The cyber-security firm that identified the large-scale hacking of US government agencies says it “genuinely impacted” around 50 organisations.
Kevin Mandia, CEO of FireEye, said that while some 18,000 organisations had the malicious code in their networks, it was the 50 who suffered major breaches.
The US Treasury and departments of homeland security, state and defence are known to have been targeted.
US Secretary of State Mike Pompeo has blamed Russia for the hack.
So too have the chairs of the Senate and House of Representatives’ intelligence committees.
However, President Trump cast doubt on Russia’s role in two tweets on Saturday, hinting instead at Chinese involvement.
Mr Mandia told CBS News that the cyber attack “was very consistent” with what US officials know about the work of Russia’s foreign intelligence agency, the SVR.
“I think these are folks that we’ve responded to in the ’90s, in the early 2000s. It’s a continuing game in cyberspace,” he said.
He said the attack on the Texas-based SolarWinds Orion, the computer network tool at the source of the breach, had the “earliest evidences of being designed”.
It started with a “dry run” in October 2019 when “innocuous code” was changed. “Then sometime in March, the operators behind this attack did put malicious code into the supply chain,” he said, “injected it in there and that is the backdoor that impacted everybody”.
What is being said about Russia’s involvement
Despite Russia’s denials of the “baseless” claims, many in the US intelligence community suspect the Russian government is responsible.
Mr Pompeo said on Friday: “We can say pretty clearly that it was the Russians that engaged in this activity.”
He said that Russia was trying to “undermine our way of life”, and that Russian President Vladimir Putin “remains a real risk”.
Mr Pompeo has taken a strong line against Russia before. In his time as secretary of state, the US has pulled out of a key nuclear treaty and the Open Skies Treaty on aerial surveillance flights.
The Republican Chair of the Senate intelligence committee, Marco Rubio, tweeted that it is “increasingly clear that Russian intelligence conducted the gravest cyber intrusion in our history”. He said the response “must be proportional but significant”.
Adam Schiff, Democrat chair of the House intelligence committee, echoed these views, saying on Sunday: “I don’t think there’s any question that it was Russia”.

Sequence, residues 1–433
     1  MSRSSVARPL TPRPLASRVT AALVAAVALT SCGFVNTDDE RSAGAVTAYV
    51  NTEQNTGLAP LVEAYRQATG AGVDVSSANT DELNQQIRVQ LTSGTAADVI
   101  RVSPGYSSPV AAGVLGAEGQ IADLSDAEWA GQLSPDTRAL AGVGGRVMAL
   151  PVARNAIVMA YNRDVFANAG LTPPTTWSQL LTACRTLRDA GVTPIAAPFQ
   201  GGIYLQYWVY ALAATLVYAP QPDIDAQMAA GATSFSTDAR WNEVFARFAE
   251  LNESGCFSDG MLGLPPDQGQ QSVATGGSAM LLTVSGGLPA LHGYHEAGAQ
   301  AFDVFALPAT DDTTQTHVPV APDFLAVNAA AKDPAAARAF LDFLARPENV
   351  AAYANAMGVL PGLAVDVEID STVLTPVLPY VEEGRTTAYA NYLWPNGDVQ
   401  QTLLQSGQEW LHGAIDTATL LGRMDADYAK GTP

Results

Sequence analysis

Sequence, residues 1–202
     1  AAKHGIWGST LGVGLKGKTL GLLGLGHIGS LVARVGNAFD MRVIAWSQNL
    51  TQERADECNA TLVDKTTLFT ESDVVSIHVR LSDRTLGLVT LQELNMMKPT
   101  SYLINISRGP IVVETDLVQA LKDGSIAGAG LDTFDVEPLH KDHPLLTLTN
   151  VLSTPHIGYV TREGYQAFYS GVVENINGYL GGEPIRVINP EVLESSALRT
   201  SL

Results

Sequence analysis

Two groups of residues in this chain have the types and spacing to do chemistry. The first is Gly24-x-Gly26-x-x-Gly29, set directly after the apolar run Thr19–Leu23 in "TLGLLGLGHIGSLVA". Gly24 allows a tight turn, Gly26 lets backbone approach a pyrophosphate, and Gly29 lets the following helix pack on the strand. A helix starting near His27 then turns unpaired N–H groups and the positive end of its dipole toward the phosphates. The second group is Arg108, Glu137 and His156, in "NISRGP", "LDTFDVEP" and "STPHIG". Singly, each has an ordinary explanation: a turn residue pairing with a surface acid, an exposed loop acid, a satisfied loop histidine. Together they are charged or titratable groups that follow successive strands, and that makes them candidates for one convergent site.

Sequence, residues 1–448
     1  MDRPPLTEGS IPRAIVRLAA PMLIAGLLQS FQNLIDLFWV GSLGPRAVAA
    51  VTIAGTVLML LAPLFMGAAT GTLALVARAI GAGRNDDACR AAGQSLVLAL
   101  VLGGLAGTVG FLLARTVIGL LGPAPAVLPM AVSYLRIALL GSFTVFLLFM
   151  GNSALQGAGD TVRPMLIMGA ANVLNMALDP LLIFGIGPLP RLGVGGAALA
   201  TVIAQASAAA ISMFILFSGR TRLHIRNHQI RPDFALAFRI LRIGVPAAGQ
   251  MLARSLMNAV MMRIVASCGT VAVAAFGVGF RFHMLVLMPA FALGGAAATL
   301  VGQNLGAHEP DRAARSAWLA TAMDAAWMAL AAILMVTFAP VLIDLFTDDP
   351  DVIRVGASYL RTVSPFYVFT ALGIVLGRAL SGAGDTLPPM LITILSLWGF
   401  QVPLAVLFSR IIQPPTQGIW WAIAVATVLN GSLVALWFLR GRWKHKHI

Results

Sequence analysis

And he took a swipe at President Trump for his comments on the issue saying they were “just uniformly destructive and deceitful, and injurious … to our national security.”
The president has long been ambivalent towards Moscow, downplaying such incidents as allegations that Russia offered the Taliban bounties to kill US troops.
In his tweets on Saturday, Mr Trump again turned on what he labels the “fake news media” for exaggerating the matter.
He wrote: “The Cyber Hack is far greater in the Fake News Media than in actuality.
“I have been fully briefed and everything is well under control. Russia, Russia, Russia is the priority chant when anything happens because Lamestream is, for mostly financial reasons, petrified of discussing the possibility that it may be China (it may!).”
President-elect Joe Biden, who is due to be sworn in on 20 January, has vowed to make cyber-security a “top priority” of his administration.
“We need to disrupt and deter our adversaries from undertaking significant cyber-attacks in the first place,” he said on Thursday.
“We will do that by, among other things, imposing substantial costs on those responsible for such malicious attacks, including in co-ordination with our allies and partners.”
What do we know about the hacking campaign?
Hackers managed to gain access to major organisations by compromising network management software developed by the Texas-based IT company SolarWinds.
The access could have allowed the hackers to take a high degree of control over the networks of organisations using that software, but appears to have been used to steal data rather than for any disruptive or destructive impact.
It is thought they targeted a narrow number of organisations in an attempt to steal national security, defence and other related information.
However, while software may have been downloaded, that does not necessarily mean data was taken.
SolarWinds Orion earlier said that 18,000 of its 300,000 customers might have been affected, but there is no indication that significant theft of customer or citizen data was an aim of the cyber-attack.
Researchers, who have named the hack Sunburst, say it could take years to fully comprehend it.
For more than three decades, hackers linked to Moscow are believed to have tried to steal US secrets online.
Several other organisations around the world, including in the UK, are understood to have been targeted by hackers using the same network management software.